Morning Ride Out

Why We Ride

Why We Ride

This event is about AIDS and the fact that it has not gone away.

It is about the 34 million people in the world estimated to be living with HIV/AIDS.

It is about the decrease in the rate of deaths from AIDS but the 48,000 new infections per year in the U.S.

It is about the fact that New York is #1 in the U.S. in AIDS cases.

It is about the 1355 clients the Southern Tier AIDS Program (STAP) has served since 1984 and the 374 currently active clients who need our support and to whom we provide hope.

It is about the 138 regional events and 1,527 participants STAP reached with its Prevention Services Programs who now receive more up to date information about how to stay safe and reduce risk and make healthy choices.

It is about promoting and sharing understanding; the understanding that AIDS is an incurable, but preventable disease.

The AIDS Ride for Life is about the stories yet to be told, the lives yet to be saved, and the dreams yet to be realized.

Ride Heroes

Karen Cutler

“I am the most un-athletic person I know. Even so, I love bikes. I was convinced that if I loved biking so much I should do the Ride. Wait, me?? I couldn’t ride my bike more than a few miles. Well the Ride taught me about compassion, camaraderie, determination, and the power of encouragement. Yes, the un-athletic girl I thought I was, rolled over the finish line having ridden 100 miles in one day. In that moment I felt something that I couldn’t put my finger on, something beyond accomplishment. If you’re thinking about doing the Ride, don’t hesitate – you can do it and it will change your life!”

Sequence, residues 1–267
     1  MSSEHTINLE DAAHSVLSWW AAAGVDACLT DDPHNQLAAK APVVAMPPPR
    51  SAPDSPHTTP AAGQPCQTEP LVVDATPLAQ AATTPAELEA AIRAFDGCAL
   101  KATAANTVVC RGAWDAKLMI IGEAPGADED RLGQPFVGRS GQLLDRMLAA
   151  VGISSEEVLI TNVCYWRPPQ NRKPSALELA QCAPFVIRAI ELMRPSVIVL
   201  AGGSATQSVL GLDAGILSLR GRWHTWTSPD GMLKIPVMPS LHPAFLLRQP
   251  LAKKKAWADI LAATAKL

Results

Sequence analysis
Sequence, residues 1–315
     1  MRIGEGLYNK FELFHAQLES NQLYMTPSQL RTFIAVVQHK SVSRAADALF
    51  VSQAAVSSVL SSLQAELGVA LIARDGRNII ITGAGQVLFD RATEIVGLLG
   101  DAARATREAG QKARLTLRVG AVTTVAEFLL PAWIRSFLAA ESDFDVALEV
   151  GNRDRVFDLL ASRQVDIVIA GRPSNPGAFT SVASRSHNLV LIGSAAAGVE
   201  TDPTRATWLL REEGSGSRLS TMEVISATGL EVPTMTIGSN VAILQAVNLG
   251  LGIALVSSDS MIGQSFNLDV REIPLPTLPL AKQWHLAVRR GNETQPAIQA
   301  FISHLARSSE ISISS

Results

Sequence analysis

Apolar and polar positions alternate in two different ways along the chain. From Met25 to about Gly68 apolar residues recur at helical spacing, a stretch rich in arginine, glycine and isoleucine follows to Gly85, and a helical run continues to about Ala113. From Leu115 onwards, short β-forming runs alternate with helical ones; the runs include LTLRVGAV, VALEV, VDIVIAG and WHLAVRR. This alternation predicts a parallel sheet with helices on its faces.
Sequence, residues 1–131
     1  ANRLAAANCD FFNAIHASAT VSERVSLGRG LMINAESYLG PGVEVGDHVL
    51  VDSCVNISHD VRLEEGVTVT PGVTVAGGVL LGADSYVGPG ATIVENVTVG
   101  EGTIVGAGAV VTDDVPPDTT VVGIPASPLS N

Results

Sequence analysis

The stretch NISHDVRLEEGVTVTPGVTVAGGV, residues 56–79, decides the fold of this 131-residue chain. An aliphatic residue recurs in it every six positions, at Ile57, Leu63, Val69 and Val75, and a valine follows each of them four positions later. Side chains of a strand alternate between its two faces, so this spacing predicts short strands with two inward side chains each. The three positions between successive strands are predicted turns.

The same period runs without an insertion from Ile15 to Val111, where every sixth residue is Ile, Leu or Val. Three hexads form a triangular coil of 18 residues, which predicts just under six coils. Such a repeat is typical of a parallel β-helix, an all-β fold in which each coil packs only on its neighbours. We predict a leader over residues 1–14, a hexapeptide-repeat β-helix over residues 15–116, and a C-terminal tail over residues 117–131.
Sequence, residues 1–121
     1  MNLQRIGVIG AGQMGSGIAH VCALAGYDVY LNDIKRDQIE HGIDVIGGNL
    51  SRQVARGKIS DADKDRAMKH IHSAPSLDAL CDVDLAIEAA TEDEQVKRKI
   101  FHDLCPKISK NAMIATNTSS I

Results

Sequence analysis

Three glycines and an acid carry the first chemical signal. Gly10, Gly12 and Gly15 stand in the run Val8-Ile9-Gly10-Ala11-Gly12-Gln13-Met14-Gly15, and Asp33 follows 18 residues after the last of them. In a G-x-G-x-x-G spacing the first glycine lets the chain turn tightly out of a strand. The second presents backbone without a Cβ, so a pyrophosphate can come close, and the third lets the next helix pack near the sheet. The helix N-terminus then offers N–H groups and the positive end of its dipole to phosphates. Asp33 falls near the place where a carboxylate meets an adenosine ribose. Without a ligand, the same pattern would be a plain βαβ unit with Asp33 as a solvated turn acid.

David Brumberg

“I began riding a bike again at the age of 67 in the local Tri-for-the-Y. Although I felt very encouraged by my accomplishment, the idea of riding 100 miles around Cayuga Lake for the AIDS Ride for Life was daunting. The 2007 AIDS Ride for Life would be fraught with challenging weather, and I learned that if I could finish that Ride, little could stop me. I know that the people served by STAP face much harder things in life, so as long as I can continue to ride, I will. This cause is what keeps me going every year.”

Russ Traunstein, ARFL Co-Founder

“What else would I be doing on a Saturday than getting up at 3am, riding a 100 miles with 400 other people, loving the hot shower and then eating dinner with 800 of my closest friends?”

Anonymous

“Hundreds of Riders unloading their bikes, hundreds of people there, ready to ride 100 miles to raise money to support people with HIV/AIDS and to support education so that this horrible epidemic doesn’t have to continue. I had goosebumps all over as I realized that I was in the presence of such great love and caring.”